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Project DyAdd: Non-linguistic Theories of Dyslexia Predict Intelligence

Laasonen, M., Lahti-Nuuttila, P., Leppamaki, S., Tani, P., Wikgren, J., Harno, H., Oksanen-Hennah, H., Pothos, E. M. ORCID: 0000-0003-1919-387X, Cleeremans, A., Dye, M. W. G., Cousineau, D. and Hokkanen, L. (2020). Project DyAdd: Non-linguistic Theories of Dyslexia Predict Intelligence. Frontiers in Human Neuroscience, 14, doi: 10.3389/fnhum.2020.00316

Abstract

Two themes have puzzled the research on developmental and learning disorders for decades. First, some of the risk and protective factors behind developmental challenges are suggested to be shared and some are suggested to be specific for a given condition. Second, language-based learning difficulties like dyslexia are suggested to result from or correlate with non-linguistic aspects of information processing as well. In the current study, we investigated how adults with developmental dyslexia or ADHD as well as healthy controls cluster across various dimensions designed to tap the prominent non-linguistic theories of dyslexia. Participants were 18–55-year-old adults with dyslexia (n = 36), ADHD (n = 22), and controls (n = 35). Non-linguistic theories investigated with experimental designs included temporal processing impairment, abnormal cerebellar functioning, procedural learning difficulties, as well as visual processing and attention deficits. Latent profile analysis (LPA) was used to investigate the emerging groups and patterns of results across these experimental designs. LPA suggested three groups: (1) a large group with average performance in the experimental designs, (2) participants predominantly from the clinical groups but with enhanced conditioning learning, and (3) participants predominantly from the dyslexia group with temporal processing as well as visual processing and attention deficits. Despite the presence of these distinct patterns, participants did not cluster very well based on their original status, nor did the LPA groups differ in their dyslexia or ADHD-related neuropsychological profiles. Remarkably, the LPA groups did differ in their intelligence. These results highlight the continuous and overlapping nature of the observed difficulties and support the multiple deficit model of developmental disorders, which suggests shared risk factors for developmental challenges. It also appears that some of the risk factors suggested by the prominent non-linguistic theories of dyslexia relate to the general level of functioning in tests of intelligence.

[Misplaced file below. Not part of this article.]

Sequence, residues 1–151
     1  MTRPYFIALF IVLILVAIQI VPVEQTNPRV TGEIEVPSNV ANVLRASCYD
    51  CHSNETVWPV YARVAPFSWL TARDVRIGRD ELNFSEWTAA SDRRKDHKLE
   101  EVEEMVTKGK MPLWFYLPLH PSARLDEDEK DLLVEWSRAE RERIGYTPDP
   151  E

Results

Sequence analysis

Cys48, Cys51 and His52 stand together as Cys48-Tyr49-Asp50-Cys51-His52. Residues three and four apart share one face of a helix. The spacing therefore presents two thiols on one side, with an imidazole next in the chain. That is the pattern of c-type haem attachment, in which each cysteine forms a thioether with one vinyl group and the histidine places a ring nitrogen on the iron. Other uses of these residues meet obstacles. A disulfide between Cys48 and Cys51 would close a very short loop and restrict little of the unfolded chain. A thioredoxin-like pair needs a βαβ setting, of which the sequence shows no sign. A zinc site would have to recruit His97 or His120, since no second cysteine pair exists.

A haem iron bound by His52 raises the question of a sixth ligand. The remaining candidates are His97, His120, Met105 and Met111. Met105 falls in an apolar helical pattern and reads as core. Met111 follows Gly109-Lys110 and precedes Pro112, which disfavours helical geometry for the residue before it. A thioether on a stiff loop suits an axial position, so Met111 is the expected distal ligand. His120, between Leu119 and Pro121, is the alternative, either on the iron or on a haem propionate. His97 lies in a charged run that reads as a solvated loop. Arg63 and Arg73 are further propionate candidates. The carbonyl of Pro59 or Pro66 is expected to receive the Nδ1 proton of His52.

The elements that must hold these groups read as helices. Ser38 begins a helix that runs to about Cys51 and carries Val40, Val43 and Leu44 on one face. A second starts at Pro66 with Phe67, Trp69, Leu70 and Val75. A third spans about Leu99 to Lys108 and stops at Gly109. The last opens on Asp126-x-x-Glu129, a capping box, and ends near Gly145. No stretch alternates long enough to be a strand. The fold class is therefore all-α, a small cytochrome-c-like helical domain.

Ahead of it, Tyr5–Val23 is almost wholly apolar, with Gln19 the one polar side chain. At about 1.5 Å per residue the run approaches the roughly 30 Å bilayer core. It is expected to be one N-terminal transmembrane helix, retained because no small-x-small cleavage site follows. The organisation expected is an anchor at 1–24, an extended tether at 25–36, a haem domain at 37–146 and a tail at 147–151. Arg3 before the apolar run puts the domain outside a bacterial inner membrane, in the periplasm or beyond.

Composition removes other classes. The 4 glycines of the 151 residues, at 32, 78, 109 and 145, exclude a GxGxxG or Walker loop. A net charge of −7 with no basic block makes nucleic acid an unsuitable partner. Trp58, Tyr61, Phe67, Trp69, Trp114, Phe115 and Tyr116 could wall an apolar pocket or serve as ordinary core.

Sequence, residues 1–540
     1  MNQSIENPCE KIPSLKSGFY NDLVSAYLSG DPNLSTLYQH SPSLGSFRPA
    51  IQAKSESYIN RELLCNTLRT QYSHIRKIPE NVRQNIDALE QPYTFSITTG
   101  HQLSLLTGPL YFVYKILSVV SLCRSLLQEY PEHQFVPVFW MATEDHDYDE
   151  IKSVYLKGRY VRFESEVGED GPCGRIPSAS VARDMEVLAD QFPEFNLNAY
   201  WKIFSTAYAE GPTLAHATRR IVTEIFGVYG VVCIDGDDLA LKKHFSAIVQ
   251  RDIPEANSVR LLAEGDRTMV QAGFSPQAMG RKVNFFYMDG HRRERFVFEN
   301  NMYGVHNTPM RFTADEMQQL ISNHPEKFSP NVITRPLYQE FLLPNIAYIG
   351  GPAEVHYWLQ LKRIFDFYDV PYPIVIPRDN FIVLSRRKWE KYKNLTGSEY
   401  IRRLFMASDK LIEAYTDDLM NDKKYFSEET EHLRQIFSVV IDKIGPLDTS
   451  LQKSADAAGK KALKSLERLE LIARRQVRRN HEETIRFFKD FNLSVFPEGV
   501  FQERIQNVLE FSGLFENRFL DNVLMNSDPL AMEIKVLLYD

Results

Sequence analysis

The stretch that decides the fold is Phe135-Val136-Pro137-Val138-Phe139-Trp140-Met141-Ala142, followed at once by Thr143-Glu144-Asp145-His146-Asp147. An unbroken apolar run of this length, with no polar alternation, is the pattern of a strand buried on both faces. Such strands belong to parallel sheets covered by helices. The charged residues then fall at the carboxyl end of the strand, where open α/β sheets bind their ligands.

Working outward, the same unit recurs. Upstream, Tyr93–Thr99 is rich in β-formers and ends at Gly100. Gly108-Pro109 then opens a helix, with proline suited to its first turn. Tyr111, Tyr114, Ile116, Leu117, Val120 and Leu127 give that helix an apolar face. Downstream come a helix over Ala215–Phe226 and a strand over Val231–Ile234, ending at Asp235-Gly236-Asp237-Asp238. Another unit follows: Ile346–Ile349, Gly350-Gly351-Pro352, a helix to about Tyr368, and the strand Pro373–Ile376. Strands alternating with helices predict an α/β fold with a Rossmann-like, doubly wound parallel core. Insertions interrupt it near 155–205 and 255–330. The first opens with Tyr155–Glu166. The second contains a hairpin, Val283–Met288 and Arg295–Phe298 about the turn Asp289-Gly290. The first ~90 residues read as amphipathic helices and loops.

Publication Type: Article
Publisher Keywords: dyslexia, ADHD, temporal processing, procedural learning, eyeblink conditioning, visual processing, visual attention, comorbidity
Subjects: B Philosophy. Psychology. Religion > BF Psychology
R Medicine > RC Internal medicine > RC0321 Neuroscience. Biological psychiatry. Neuropsychiatry
Departments: School of Arts & Social Sciences > Psychology
Date Deposited: 11 Jan 2021 16:04
URI: https://openaccess.city.ac.uk/id/eprint/25501
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